Sunday, May 30, 2010

Three days back, now

When I woke up the last few mornings I was still hearing the sea, and the breeze whispering in from my window in my half-awake state was the ocean breeze.

I swear when I stand still I feel the gentle motion of the waves.

When Rob and I decided to do a Mediterranean Cruise, it was mainly because we couldn't settle on the destination.   The sampler would allow a taste: Barcelona, Cannes, Liverno, Civitevvechia, Naples, Venice, Dubrovnich, Corfu.

Before, this was a list of place names. Now it is a list of places.

The world is suddenly so much bigger, yet more accessible.

The weather was amazing.  Everywhere we stopped, guides mentioned this being the first rain-free day in weeks.  Only one night with a storm at sea, watching lightning strike at a distance.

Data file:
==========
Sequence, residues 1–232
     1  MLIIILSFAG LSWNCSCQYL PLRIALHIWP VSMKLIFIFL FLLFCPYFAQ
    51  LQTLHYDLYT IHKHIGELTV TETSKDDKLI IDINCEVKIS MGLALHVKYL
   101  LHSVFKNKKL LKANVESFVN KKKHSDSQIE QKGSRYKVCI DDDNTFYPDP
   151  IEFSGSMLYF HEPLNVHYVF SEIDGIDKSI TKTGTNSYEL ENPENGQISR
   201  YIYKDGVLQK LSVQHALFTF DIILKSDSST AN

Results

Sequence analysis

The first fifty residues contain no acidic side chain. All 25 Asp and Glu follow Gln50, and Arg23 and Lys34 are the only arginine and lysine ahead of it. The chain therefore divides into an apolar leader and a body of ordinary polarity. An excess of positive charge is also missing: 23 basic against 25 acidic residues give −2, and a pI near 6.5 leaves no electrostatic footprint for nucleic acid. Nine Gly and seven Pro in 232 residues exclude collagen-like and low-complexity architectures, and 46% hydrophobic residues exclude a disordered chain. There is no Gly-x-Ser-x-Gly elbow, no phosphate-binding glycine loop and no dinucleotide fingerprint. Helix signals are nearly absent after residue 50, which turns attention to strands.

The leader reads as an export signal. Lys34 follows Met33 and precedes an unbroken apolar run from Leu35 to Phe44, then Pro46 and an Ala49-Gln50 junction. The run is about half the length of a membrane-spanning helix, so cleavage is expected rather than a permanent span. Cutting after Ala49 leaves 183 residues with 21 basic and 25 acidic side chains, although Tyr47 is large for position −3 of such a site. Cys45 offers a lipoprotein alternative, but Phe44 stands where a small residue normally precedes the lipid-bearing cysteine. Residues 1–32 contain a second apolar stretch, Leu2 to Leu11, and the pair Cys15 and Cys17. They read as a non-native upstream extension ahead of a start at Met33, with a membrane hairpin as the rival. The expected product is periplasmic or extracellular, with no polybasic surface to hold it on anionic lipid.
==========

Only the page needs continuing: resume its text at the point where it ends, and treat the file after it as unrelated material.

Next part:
This is such stuff that dreams are made of;  I am happy to be dreaming, still.

Thursday, May 27, 2010

Mediterranean Moon - May

This was the view from my window last night.  Rob, Alex and I were hypnotized by the moonlight dazzling the Mediterranean sea.

I couldn't believe my good fortune as the moonbeams worked their alchemy,  turning the water to white gold and diamonds.  I watched transfixed for at least an hour. 

Earlier in the day I heard the song Moon River.  This is a song my mom used to sing me to sleep when I was a kid, and the song we danced together at my wedding party.  Amazing synchronicity.

Now I am at home again, amazed by how long and simultaneously short a twelve day vacation can be...

I'm looking forward to sorting through my photos and posting some memories.

For now, I am enjoying the lyrics and reliving some great moments.

Moon River, wider than a mile.